Handbook of Career Theory
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|Format: ||Paperback, 572 pages|
|Other Information: ||12 tables, 25 line diagrams|
|Published In: ||United Kingdom, 25 August 1989|
This cross-disciplinary text is designed to appeal to a diversity of social science scholars. The central focus is on new ways of viewing the career, or how working lives unfold over time. Fresh views from psychology, social psychology, sociology, anthropology, organization theory, economics, and political science are among those represented in the twenty-five chapter anthology. The design of the handbook in three parts--current approaches, new ideas, and future directions--is intended to engage the reader in the debate from which new and better career theories can be developed.
Table of Contents
List of contributors; Preface; Part I. Current Approaches to the Study of Careers: Introduction to Part I; 1. Generating new directions in career theroy: the case for a transdisciplinary approach Michael B. Arthur, Douglas T. Hall, and Barbara S. Lawrence; 2. Trait-factor theories: traditional cornerstone of career theory Nancy E. Betz, Louise F. Fitzgerlad, and Raymond E. Hill; 3. Careers, identities, and institutions: the legacy of the Chicago School of Sociology Stephen R. Barley; 4. The utility of adult development theory in understanding career adjustment process Solomon Cytrynbaum and John O. Crites; 5. Developmental views of careers in organizations Gene W. Dalton; 6. Exploring women's development: implications for career theory, practice, and research Joan V. Gallos; 7. The influence of race on career dynamics: theory and research on minority career experiences David A. Thomas and Clayton P. Alderfer; 8. Asynchronism in dual-career and family linkages Uma Sekaran and Douglas T. Hall; 9. Transitions, work histories, and careers Nigel Nicholson and Michael West; 10. Career system profiles and strategic staffing Jeffrey A. Sonnenfeld; Part II. New Ideas for the Study of Careers: Introduction to Part II; 11. People as sculptors versus sculpture: the roles of personality and personal control in organizations Nancy E. Bell and Barry M. Staw; 12. Work, stress, and careers: a preventive approach to maintaining organizational health Janina C. Latack; 13. Re-visioning career concepts: a feminist invitation Judi Marshall; 14. Reciprocity at work: the separate, yet inseparable possibilities for individual and organizational development Michael B. Arthur and Kathy E. Kram; 15. Career improvisation in self-designing organizations Karl E. Weick and Lisa R. Berlinger; 16. Organization career systems and employee misperceptions James E. Rosenbaum; 17. Blue-collar careers: meaning and choice in a world of constraints Robert J. Thomas; 18. A political perspective on careers: interests, networks, and environments Jeffrey Pfeffer; 19. Rites of passage in work careers Harrison M. Trice and David A. Morand; 20. Pin stripes, power ties, and personal relationships: the economics of career strategy Jay B. Barney and Barbara S. Lawrence; 21. Rhetoric in bureaucratic careers: managing the meaning of management success Dan Gowler and Karen Legge; 22. The internal and external career: a theoretical and cross-cultural perspective C. Brooklyn Derr and Andre Laurent; Part III. Future Directions for the Development of Career Theory: Introduction to Part III; 23. Understanding individual experience at work: comments on the theory and practice of careers Lotte Bailyn; 24. Propositions linking organizations and careers Paul C. Nystrom and Angeline W. McArthur; 25. Careers and the wealth of nations: a macro-perspective on the structure and implications of career forms Rosabeth Moss Kanter; Indexes.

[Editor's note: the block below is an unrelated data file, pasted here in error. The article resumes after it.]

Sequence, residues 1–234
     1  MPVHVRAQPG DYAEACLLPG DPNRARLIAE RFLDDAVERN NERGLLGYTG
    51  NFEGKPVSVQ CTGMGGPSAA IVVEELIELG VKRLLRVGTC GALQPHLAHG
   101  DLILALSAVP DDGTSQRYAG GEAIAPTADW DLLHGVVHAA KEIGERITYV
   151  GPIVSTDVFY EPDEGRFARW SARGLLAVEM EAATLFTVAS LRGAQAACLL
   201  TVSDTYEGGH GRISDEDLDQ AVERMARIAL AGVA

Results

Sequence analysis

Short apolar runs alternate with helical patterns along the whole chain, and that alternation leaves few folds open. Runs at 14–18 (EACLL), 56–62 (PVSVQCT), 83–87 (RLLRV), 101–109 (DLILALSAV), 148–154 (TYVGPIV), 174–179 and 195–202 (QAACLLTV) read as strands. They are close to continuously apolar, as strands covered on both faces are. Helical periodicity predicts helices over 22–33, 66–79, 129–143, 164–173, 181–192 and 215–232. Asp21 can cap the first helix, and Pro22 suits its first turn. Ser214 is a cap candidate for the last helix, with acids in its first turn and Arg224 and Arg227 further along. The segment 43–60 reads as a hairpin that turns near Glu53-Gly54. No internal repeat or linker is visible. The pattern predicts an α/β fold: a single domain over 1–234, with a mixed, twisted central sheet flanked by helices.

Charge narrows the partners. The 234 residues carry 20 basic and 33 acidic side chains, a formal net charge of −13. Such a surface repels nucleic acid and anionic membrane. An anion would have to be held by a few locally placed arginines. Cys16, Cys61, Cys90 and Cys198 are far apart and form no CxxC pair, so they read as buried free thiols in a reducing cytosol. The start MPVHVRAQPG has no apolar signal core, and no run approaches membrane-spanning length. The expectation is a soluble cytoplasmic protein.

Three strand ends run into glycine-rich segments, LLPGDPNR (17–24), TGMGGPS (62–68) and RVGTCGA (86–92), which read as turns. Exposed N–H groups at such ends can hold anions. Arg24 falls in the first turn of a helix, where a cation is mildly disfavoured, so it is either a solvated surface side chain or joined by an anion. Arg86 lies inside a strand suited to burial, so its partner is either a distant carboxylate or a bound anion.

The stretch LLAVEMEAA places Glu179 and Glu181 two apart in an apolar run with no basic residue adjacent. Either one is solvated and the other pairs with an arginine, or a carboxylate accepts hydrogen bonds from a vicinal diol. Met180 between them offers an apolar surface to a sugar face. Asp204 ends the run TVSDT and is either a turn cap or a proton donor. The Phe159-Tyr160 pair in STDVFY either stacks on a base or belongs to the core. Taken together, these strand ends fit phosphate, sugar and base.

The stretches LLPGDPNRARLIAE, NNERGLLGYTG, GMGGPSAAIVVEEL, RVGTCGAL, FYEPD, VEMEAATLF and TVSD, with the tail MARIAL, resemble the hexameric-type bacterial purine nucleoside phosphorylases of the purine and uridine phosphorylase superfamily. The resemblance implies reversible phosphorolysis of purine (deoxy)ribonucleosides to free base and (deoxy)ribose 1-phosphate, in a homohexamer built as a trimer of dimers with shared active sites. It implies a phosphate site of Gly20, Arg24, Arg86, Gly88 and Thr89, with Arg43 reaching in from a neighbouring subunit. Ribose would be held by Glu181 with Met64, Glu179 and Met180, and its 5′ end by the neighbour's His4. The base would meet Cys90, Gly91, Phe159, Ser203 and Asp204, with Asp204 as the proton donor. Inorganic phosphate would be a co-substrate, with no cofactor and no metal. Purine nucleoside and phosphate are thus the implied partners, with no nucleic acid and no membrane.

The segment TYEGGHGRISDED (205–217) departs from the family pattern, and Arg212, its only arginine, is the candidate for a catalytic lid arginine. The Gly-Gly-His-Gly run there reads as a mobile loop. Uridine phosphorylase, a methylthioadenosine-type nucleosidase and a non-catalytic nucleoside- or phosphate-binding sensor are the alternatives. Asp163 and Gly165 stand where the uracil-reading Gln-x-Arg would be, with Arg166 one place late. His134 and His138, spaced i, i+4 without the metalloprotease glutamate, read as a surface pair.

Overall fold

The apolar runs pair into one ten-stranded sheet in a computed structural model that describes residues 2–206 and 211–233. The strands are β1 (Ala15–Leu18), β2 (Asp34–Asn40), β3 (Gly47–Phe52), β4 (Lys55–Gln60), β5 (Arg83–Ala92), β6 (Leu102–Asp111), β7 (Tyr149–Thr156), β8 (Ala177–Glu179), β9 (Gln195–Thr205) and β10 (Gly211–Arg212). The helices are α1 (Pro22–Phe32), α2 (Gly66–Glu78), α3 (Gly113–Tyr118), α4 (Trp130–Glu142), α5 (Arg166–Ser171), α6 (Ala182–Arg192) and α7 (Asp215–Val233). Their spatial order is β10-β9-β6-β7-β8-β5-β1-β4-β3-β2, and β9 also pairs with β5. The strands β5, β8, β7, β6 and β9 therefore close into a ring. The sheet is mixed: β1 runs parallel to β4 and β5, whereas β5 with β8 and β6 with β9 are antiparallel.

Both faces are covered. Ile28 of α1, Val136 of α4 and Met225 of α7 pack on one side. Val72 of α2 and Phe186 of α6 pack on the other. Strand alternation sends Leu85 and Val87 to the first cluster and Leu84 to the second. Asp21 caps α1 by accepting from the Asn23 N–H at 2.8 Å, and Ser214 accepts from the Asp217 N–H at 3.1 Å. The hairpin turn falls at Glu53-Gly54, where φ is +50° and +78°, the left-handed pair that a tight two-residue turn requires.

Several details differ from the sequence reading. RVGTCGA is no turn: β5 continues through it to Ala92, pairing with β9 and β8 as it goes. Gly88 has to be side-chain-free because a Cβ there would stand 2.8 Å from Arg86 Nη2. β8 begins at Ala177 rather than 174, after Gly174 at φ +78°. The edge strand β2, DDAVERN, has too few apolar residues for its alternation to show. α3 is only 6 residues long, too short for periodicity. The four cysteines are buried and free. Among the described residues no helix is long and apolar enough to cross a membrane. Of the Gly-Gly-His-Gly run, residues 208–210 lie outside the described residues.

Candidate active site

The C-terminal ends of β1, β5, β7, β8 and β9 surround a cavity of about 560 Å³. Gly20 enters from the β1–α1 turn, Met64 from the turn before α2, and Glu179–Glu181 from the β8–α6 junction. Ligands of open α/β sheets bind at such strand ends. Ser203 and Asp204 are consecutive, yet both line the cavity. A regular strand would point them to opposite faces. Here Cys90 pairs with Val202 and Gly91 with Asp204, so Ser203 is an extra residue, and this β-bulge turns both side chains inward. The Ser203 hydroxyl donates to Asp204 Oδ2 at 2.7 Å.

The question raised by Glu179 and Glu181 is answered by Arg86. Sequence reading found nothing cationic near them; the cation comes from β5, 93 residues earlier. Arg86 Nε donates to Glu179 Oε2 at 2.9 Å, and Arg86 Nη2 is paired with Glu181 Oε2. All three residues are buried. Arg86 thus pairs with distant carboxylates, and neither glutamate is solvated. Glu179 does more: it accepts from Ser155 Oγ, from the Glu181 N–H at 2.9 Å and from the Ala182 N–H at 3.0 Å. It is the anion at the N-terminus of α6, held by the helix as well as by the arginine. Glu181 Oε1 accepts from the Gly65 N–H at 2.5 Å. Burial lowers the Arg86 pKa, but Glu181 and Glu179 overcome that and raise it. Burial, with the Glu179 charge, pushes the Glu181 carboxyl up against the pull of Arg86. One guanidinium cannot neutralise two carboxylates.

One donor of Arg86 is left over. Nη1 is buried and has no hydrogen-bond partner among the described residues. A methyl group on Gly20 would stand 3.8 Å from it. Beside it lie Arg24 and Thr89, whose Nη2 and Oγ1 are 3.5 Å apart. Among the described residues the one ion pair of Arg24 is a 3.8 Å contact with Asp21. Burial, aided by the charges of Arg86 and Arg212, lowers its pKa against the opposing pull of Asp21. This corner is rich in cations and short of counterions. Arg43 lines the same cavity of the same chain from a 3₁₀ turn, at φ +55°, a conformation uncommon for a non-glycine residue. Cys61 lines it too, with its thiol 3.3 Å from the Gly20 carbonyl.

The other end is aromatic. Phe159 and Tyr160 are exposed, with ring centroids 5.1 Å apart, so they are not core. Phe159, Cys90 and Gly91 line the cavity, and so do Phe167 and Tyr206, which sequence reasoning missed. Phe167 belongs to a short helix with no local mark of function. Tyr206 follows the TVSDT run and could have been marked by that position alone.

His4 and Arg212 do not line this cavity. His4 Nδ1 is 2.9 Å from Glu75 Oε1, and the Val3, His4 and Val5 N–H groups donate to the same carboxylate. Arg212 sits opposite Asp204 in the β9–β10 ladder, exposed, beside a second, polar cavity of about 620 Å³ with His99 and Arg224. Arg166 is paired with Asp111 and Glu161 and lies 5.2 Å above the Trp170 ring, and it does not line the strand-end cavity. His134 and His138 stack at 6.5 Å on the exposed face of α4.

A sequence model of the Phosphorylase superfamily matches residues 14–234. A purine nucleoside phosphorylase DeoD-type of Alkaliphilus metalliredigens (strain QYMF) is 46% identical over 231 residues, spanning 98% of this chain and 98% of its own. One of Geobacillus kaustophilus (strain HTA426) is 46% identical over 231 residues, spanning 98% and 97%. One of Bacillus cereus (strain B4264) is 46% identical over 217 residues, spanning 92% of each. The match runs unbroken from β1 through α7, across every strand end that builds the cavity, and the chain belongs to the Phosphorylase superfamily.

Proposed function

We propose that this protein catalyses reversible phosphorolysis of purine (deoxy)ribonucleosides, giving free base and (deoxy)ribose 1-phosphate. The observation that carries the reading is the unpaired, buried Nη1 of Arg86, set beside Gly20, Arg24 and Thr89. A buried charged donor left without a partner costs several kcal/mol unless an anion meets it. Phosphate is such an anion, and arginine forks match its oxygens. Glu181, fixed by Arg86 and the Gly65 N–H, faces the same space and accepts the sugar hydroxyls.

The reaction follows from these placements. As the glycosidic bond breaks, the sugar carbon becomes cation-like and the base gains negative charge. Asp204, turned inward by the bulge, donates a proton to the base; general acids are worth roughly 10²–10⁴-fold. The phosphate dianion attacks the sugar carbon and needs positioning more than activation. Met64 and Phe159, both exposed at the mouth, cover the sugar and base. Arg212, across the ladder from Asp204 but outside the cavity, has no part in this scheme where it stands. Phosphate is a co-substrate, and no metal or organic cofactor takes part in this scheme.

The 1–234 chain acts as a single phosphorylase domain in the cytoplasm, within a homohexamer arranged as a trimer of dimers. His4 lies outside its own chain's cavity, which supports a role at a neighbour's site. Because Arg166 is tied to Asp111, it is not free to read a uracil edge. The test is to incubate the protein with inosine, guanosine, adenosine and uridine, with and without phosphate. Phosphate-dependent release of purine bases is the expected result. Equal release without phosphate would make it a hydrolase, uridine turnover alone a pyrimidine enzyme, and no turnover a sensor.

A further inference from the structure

"The field of career development is of growing importance, both as an academic discipline and as an important component of heightened practitioner emphasis on human resource management. This handbook provides a much needed infusion of new thinking to the field, thereby benefiting both its theoretical foundations and providing some additional perspectives within which future career practice can flourish." Choice "...comprehensive and sweeping in its coverage of progress in the field." Barry Schlosser, The Independent Practitioner
Cambridge University Press|
23.39 x 15.19 x 2.69 centimetres (0.79 kg)|
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